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Facing Drought? Rip Up Your Lawn!

by Jessa Kay Cruz

This 2015 Xerces Society article is reprinted with permission.

If you live anywhere in the western United States, you are probably feeling the effects of the ongoing drought. The National Drought Mitigation Center reports that 11 western states are currently in a state of severe or extreme long-term drought. California is in its fourth year of severe drought, with January 2015 as the driest January on record.

As we look for ways to save water in our communities, outdoor water use in residential areas has come under increasing scrutiny. An average suburban homeowner can apply over 10,000 gallons of water to their lawn annually, and can easily use 500 gallons in a single irrigation, making lawns the single greatest use of water by most families. You can calculate your lawn water use and cost here. In fact, outdoor use can exceed all other uses of water in residential homes for the entire year! To curb water use, watering restrictions have been mandated during the summer months in many neighborhoods and cities in the West, reducing those once-emerald green expanses into sad patches of prickly-brown desolation.

Not only do lawns consume copious amount of water, they also provide next to nothing in the way of habitat for local fauna, pollinators included. Lawn grass provides neither pollen nor nectar nor nesting materials for most pollinators. The good news is, there couldn’t be a better time to tear out your lawn and replace that ugly patch with a beautiful, drought-tolerant pollinator garden! Many western cities have initiated programs that offer significant financial incentives for homeowners to remove those thirsty lawns and replace them with drought tolerant landscaping. This type of landscaping can reduce outdoor water use by as much as 90%. Replacing your lawn provides an excellent opportunity to not only conserve water, but create some valuable pollinator habitat as well.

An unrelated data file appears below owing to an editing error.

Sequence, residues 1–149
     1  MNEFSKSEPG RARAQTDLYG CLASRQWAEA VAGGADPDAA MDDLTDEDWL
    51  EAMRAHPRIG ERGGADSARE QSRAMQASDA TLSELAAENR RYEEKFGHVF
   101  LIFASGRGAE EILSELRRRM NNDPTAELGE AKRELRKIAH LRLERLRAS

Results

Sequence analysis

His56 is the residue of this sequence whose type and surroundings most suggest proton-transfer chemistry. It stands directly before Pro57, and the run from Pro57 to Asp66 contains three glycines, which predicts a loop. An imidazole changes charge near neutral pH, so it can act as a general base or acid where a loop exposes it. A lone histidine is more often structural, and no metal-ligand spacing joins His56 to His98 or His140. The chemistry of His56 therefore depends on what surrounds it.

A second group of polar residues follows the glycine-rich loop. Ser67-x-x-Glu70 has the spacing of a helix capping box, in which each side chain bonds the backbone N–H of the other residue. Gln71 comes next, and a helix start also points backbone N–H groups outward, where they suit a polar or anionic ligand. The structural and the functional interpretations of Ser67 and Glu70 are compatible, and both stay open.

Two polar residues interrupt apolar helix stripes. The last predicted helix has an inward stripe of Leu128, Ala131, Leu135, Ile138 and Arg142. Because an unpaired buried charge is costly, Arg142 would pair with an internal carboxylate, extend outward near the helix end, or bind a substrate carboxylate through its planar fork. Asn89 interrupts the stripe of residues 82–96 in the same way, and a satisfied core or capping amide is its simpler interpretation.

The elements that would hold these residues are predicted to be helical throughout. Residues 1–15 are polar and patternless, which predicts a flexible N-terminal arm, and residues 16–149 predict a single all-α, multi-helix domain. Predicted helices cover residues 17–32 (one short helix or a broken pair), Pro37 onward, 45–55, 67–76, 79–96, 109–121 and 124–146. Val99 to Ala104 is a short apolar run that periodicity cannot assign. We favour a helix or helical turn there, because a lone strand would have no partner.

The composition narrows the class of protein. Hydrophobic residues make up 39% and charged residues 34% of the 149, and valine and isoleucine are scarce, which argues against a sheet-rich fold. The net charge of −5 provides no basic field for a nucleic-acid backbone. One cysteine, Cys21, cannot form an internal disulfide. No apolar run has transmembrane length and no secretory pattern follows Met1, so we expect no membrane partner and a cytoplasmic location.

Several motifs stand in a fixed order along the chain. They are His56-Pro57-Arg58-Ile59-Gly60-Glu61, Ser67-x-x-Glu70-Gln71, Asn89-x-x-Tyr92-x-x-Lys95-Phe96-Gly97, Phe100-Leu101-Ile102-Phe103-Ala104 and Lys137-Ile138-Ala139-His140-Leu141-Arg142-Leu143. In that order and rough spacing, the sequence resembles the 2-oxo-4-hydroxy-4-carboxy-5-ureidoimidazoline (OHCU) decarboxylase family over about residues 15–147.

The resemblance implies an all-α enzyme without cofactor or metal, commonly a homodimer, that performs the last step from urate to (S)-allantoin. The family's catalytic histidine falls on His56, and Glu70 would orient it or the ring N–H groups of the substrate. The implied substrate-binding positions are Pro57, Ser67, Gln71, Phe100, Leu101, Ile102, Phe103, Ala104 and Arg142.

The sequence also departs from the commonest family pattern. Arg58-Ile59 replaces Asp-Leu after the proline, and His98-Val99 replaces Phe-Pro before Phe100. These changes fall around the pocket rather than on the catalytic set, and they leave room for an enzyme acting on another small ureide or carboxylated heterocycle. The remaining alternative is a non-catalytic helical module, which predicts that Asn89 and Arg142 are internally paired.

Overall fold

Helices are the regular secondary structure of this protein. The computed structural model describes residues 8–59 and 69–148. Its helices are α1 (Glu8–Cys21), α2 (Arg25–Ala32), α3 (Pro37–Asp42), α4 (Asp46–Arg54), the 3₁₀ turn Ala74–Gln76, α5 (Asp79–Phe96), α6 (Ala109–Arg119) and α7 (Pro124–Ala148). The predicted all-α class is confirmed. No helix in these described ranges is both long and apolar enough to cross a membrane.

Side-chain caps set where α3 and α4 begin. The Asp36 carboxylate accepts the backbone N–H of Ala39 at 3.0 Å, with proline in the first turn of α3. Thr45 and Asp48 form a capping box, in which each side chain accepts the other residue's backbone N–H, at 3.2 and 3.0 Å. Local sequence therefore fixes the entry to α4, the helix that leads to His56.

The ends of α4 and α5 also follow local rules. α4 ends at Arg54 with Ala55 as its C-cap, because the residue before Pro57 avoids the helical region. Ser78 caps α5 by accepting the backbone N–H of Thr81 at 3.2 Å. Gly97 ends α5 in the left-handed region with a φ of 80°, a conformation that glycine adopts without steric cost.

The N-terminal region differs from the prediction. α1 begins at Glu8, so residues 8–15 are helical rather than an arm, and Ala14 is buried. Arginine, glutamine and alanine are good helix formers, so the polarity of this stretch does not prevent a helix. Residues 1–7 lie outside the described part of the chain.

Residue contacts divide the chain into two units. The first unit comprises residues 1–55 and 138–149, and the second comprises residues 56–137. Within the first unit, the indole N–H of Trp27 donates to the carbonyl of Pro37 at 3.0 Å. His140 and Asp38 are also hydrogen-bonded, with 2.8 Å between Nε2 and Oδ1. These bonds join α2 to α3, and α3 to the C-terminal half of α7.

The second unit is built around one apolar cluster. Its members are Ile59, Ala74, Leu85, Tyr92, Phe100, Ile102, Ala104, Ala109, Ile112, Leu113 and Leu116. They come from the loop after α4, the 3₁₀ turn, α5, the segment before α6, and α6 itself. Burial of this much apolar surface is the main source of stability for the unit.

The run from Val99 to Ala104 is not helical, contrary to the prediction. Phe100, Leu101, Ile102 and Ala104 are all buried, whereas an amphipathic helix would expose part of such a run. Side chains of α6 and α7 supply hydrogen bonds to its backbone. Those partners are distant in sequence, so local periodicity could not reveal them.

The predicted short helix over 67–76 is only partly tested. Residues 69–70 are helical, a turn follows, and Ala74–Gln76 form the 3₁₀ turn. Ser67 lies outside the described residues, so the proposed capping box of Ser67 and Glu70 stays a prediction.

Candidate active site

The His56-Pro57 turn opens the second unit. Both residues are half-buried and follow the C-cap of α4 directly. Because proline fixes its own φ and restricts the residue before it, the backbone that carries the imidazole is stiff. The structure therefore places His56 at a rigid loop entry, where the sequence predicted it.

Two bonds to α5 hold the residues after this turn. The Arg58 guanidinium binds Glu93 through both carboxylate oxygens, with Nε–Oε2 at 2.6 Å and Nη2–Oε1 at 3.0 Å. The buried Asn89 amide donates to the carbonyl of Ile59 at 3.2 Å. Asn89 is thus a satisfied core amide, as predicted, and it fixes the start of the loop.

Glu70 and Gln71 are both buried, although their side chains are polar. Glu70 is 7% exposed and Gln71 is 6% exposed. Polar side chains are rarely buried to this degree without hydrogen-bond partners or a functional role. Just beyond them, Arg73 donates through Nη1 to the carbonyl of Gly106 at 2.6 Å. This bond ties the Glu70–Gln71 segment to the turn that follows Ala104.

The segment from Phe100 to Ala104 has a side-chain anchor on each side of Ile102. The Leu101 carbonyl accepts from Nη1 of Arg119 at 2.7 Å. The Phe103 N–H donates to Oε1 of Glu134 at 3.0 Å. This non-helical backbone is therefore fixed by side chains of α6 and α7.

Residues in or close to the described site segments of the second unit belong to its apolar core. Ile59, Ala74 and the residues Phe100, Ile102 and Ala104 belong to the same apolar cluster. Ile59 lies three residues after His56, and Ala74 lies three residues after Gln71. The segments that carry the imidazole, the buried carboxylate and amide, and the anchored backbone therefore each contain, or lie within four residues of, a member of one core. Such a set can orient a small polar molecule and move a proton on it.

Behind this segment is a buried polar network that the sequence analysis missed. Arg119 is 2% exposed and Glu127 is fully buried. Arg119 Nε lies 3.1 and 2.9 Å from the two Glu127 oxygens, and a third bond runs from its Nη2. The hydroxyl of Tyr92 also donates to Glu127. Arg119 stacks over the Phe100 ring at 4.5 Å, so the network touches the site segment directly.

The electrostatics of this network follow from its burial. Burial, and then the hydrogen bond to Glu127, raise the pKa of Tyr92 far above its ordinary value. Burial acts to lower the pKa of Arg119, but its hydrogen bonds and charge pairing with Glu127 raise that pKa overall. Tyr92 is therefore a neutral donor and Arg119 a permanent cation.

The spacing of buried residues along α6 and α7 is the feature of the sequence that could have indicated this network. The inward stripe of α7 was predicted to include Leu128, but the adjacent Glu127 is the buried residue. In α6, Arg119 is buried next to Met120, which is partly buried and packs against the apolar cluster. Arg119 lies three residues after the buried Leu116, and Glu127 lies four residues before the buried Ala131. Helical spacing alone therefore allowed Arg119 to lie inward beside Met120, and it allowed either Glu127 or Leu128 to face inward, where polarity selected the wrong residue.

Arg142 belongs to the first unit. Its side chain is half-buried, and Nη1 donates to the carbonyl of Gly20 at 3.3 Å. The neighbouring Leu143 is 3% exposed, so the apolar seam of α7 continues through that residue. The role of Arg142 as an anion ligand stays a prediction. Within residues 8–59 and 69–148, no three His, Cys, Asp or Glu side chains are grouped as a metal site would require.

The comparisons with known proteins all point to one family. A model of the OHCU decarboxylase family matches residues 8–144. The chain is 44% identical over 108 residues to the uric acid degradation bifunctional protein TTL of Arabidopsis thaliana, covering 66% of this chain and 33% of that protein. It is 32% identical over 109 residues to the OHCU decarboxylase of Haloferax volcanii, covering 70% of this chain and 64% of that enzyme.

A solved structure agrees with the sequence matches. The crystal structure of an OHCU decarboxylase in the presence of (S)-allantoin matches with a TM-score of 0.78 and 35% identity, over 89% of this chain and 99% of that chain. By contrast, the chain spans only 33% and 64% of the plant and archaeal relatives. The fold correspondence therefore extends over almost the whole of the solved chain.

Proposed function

Precisely which plants to use depends on where you are, but as a general rule, we recommend using flowering plants that are native to your region. Most plants native to the western United States are acclimated to warm, dry summers and need very little supplemental irrigation once established. Because pollinators require pollen and nectar throughout their lifecycle, you will want to select plants with a variety of different bloom times, from early in the spring all the way into the fall. Not only will this provide a consistent source of pollen and nectar for our beloved pollinators, but it will also give your eyes a feast throughout the seasons. There is nothing quite as beautiful as a yard full of flowers, and nothing quite as rewarding as saving our precious water and our precious pollinators at the same time.

For more information on pollinator plant selection, please see our plant lists.

Photos of lawn before pollinator garden installation (above) and after (below).

About the Author

Jessa Kay Cruz is a Senior Pollinator Conservation Specialist for the Xerces Society. She is based in California, where she works with growers to incorporate habitat into their farms and orchards.


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